Your college roommate calls. She wants to get away from Tulsa and come visit for a few days.

So you put fresh sheets on the extra bed, place a stack of towels in the bathroom and arrange a big bouquet of flowers for the dresser. You purge your refrigerator of half-empty mustard jars, soured jellies and flat club soda and load up on real food. That's the easy part.

Now, you wait for her to arrive and tell you what sights she has been dreaming of seeing in Washington. The Washington Monument. The Air and Space Museum. The FBI tour. The "quaint little village" of Georgetown on a Saturday afternoon.

Without being rude or tacky, there is a way to gracefully bow out of playing tour guide. The solution lies in being creative about suggesting to guests that they go off and explore the city themselves and in stocking some appropriate tools to help visitors figure out what they most would like to see and how to get there.

"When friends call and say they want to come visit, I say, 'Please come, but don't expect me to take you around the capital. I run my own business, I just can't do it,' " says Rochelle Jaffe of Travel Books Unlimited in Bethesda, who keeps a shelf of Washington guide books in her guest room.

Whether you want to set aside a small stack of books, or fill a basket with guidebooks, subway farecards and a spare foldable umbrella, any effort you make will help people feel at home and comfortable in making their way around. Recently, some new sources for Washington touring tips have been published, including walking tours of the city on cassette tape, and some guidebooks with new twists on seeing the city on foot or by Metro.

Among suggestions from some of these new works as well as from old standbys recommended by local travel bookstore owners:

Tapewalks. Local businesswomen Barbara Tempchin and Judy Zickler have produced a series of informative, witty walking tours on cassette tapes. Currently they are offering tours of four different areas of the city: Georgetown around Georgetown University; The Dumbarton Oaks section of Georgetown; Embassy Row and Dupont Circle; and a stroll around the White House. The tours are lively and full of anecdotes and interesting tidbits on the social history of Washington. They also point out nearby bistros where it is possible to have a light lunch or a cold drink during the tour. The tapes are about 45 minutes long and cover about 1 1/2 to 2 hours of walking time. Small maps are included. They are available for $11.95 each at Olsson's Dupont Circle and Georgetown and The Phillips Collection Museum Shop.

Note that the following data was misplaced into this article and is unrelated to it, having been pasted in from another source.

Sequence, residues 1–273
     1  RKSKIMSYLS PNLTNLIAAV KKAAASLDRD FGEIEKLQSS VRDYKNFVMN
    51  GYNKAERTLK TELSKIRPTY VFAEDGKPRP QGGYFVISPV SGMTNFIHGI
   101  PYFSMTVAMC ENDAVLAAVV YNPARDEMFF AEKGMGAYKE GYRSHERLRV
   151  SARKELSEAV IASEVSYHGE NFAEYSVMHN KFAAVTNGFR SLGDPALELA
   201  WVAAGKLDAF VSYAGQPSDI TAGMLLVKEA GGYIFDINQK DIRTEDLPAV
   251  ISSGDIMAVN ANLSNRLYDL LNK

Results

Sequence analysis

Washington D.C. Sightseers' Guide by Anthony S. Pitch. Ideal for first-time visitors to Washington, this pocket-size guide is handy because it has a map on the back cover locating attractions from the Senate Office Buildings to Woodward & Lothrop. The guide covers all the major sights and some offbeat ones and has listings of major embassies and other useful phone numbers. Each attraction is listed with directions on how to arrive by Metro or Tourmobile. Available for $3.95 at most major bookstores.

Station Master's A Pocket Guide to Metrorail Station Neighborhoods. This book helps visitors wade through Metro's maze and also answers the two questions that must immediately come to mind when a tourist gets off the escalator at a strange Metro station: "Where am I and what do I do now?" Author Larry Bowring, a cartographer, has filled the tiny book with clear and concise maps, good instructions on that complicated procedure of purchasing a farecard and a thorough index. The guide, $3.50, is available at The Map Store, 1636 I St. NW, and at local drug and grocery stores.

A Museum Guide to Washington, D.C. by Betty Ross. Written by an experienced travel writer, this book is ideal for those art-lovers who come to Washington eager to see as much of the art, architecture and decorative arts that this city has to offer. Available for $9.95 at Travel Merchandise Mart, 1425 K St. NW and Crystal City; The Map Store; and other Washington bookstores.

Washington Itself by E.J. Applewhite. A personal view of the city focusing on the varied sights in different neighborhoods, including their architecture, churches, historic homes, parks and museums. It includes an easy-to-read and informative narrative that will be of interest to both tourists and natives. $8.95. Available at Travel Books Unlimited in Bethesda and other bookstores.

Natural Washington by Bill and Phyllis Thomas. When outdoor-lovers come to visit and they tire of the monument routine, pull out this handy and concise little book that lists little-known places around town to jog, bike, see flowers, hike, picnic or just relax. The whole metropolitan Washington area is included. Available at Travel Books Unlimited and other bookshops for $9.95.

Washington map placemat. For visitors who are slow in getting the hint, use these wipe-clean placemats at breakfast to encourage independent touring. The mat features a Metro map on one side and a map of the Beltway on the other. The $2.95 mat is available at The City Shop, Pavilion at the Old Post Office, 1100 Pennsylvania Ave. NW.